KABUL (Reuters) - Like many teenagers, 19-year-old Negin Khpalwak from Kunar in eastern Afghanistan loves music, but few people of her age have battled as fiercely to pursue their passion in the face of family hostility and threats.
Playing instruments was banned outright during the period of Taliban rule in Afghanistan, and even today, many conservative Muslims frown on most forms of music.
Negin took her first steps learning music in secret, before eventually revealing her activity to her father. He encouraged her, but the reaction from the rest of her conservative Pashtun family was hostile.
“Apart from my father, everybody in the family is against it,” she said. “They say, ‘How can a Pashtun girl play music?’ Especially in our tribe, where even a man doesn’t have the right to do it.”
Now living in an orphanage in the Afghan capital of Kabul, Negin leads the Zohra orchestra, an ensemble of 35 women at the Afghanistan National Institute for Music that plays both Western and Afghan musical instruments.
When she went home on a recent visit, her uncles and brothers threatened to beat her for a performing appearance on television, and she had to return to Kabul the next day.
“Compared to women outside Afghanistan, we feel we are in a cage,” she said.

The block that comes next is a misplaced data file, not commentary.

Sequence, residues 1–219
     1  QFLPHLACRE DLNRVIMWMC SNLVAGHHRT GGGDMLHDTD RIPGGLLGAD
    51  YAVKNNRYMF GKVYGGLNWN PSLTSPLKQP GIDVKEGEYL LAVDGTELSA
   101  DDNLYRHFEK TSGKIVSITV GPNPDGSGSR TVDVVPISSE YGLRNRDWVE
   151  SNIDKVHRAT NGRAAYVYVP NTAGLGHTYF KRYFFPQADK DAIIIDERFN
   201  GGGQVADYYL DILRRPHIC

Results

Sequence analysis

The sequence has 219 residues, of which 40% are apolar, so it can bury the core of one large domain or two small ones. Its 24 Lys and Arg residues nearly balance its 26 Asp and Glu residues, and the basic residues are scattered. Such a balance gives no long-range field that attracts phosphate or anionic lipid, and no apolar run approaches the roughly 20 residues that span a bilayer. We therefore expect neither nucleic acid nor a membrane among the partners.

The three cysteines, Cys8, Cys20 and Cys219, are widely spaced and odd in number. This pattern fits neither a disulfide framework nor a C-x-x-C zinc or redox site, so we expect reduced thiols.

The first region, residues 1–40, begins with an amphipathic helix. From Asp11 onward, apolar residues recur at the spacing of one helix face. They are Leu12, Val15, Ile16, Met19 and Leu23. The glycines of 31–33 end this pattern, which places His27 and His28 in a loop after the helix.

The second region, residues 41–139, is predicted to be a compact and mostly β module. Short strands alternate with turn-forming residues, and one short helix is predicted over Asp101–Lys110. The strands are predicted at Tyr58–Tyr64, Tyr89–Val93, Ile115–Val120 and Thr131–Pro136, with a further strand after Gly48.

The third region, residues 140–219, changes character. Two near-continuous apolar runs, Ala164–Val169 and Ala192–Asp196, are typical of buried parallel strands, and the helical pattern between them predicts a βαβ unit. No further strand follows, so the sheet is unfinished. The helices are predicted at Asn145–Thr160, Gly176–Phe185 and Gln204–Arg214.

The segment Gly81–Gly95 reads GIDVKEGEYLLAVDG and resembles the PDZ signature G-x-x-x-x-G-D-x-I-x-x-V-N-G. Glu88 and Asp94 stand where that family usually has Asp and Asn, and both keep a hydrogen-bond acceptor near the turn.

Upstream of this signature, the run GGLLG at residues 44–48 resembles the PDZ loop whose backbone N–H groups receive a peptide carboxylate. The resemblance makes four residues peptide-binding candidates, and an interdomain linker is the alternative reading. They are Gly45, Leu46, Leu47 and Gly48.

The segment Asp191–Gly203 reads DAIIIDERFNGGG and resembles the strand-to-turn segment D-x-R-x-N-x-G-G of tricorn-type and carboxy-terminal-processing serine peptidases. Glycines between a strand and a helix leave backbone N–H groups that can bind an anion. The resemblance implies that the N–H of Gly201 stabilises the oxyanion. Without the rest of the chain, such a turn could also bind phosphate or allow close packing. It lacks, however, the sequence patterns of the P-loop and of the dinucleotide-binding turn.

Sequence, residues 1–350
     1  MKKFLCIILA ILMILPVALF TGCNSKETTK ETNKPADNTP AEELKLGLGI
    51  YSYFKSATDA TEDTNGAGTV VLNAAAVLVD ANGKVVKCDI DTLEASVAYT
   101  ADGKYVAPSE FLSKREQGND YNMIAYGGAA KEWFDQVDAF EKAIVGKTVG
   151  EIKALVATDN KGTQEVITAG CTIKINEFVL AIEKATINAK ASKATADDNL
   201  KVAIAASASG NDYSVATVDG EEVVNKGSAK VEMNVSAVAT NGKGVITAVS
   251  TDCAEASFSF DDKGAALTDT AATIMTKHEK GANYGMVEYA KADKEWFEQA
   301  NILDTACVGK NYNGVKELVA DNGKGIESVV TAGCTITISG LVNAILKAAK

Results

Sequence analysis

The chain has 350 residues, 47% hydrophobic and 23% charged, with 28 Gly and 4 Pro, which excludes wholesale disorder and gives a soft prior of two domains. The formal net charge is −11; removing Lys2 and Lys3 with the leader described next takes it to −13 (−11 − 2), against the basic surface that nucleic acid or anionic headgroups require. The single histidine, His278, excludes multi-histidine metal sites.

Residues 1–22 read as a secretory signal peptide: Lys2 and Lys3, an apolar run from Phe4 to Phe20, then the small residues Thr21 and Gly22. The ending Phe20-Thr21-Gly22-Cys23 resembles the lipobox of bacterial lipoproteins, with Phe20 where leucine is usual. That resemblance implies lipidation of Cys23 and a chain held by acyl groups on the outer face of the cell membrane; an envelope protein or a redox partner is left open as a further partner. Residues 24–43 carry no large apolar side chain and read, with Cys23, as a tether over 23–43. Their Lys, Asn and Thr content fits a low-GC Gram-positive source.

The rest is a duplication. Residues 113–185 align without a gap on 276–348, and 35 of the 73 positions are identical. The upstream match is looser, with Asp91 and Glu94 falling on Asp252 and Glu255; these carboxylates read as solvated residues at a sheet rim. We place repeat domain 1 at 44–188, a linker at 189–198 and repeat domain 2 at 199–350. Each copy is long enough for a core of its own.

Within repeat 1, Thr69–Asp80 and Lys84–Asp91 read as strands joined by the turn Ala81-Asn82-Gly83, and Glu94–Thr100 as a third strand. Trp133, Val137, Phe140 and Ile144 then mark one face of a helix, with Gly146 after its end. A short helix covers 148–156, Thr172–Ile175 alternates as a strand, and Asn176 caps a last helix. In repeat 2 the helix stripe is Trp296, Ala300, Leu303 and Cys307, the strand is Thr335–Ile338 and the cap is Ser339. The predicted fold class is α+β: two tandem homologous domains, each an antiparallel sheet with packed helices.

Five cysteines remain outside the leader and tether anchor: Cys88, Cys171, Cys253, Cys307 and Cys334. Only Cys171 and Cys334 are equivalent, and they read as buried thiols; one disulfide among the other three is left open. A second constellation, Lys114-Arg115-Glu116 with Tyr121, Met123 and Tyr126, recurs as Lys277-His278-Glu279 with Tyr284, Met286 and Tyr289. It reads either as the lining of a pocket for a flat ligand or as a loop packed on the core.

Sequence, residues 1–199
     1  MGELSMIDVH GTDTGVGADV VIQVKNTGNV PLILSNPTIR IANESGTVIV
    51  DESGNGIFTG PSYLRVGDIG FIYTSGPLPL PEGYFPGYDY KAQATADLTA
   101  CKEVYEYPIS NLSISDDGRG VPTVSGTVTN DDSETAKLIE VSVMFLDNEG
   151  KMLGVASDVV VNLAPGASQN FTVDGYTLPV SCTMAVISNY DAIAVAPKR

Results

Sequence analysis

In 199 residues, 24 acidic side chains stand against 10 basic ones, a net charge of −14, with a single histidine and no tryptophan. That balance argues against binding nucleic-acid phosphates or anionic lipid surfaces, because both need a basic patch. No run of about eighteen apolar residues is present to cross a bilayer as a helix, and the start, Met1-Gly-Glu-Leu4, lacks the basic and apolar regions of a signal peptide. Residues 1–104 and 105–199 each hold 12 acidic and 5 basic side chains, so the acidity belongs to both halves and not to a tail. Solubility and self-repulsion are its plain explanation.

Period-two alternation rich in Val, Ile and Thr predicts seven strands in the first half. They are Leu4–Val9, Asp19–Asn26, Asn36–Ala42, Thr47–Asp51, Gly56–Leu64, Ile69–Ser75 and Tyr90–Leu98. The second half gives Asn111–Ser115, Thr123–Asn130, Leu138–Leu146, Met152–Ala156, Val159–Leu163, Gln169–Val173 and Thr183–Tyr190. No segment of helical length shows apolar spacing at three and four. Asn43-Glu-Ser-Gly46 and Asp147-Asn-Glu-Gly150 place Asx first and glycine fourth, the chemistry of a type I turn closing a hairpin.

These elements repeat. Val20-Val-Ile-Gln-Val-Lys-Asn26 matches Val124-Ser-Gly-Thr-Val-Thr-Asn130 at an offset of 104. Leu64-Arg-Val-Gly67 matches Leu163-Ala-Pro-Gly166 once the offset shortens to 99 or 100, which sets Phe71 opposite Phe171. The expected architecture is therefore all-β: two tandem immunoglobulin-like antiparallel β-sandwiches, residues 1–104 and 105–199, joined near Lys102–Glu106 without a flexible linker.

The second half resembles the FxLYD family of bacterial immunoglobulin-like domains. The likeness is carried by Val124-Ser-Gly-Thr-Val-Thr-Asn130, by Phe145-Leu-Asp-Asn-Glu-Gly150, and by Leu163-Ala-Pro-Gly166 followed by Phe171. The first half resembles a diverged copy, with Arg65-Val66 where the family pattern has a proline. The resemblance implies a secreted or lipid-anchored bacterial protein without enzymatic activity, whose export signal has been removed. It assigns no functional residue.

In a country notorious internationally for harsh restrictions on women in most areas of life, Negin’s story highlights a double challenge.
“The formation of the orchestra is an achievement in itself,” said Ahmad Naser Sarmast, a musicologist who returned home from Australia after the fall of the Taliban to help found the National Institute for Music in 2010.
While children at the school have the support of their parents, they often face pressure from their wider family as well as from religious authorities, he said.
“The bravery of the girls sitting in the orchestra and the leadership of a young female conductor is an achievement for Afghanistan,” he said.
Some of the women say their relatives are proud of their achievements, but they face suspicion from others, as well as intimidation.
“When I have my musical instruments with me, people talk a lot behind my back,” said Mina, a trumpeter in the orchestra, whose mother is a policewoman in the eastern city of Jalalabad.
“There are a lot of security problems, and if we go from one place to another with our instruments, then we have to go by car,” she added.
The dangers awaiting performers in Afghanistan were brutally highlighted in 2014, when Sarmast was nearly killed by a suicide bomber who blew himself up during a show at a French-run school in Kabul.
He has not been discouraged, however. The formation of the girls’ orchestra was the best response to extremists, he said, adding that the school was trying to help Negin continue her education, despite the family problems.
Negin remains fiercely determined to continue on a path that has given her a new sense of identity.
“I am not that Negin anymore,” she said. “I have been leading this orchestra for six months now, and leadership takes a lot of effort.”
She is ready to leave her family behind for the sake of her music, she said, although, in Afghanistan, family is crucial to most people’s sense of their position in the world.
“I will never accept defeat,” she said. “I will continue to play music. I do not feel safe, but when people see me and say, ‘That is Negin Khpalwak’, that gives me energy.”
Additional reporting by; Sayed Hassib; Writing by James Mackenzie; Editing by Clarence Fernandez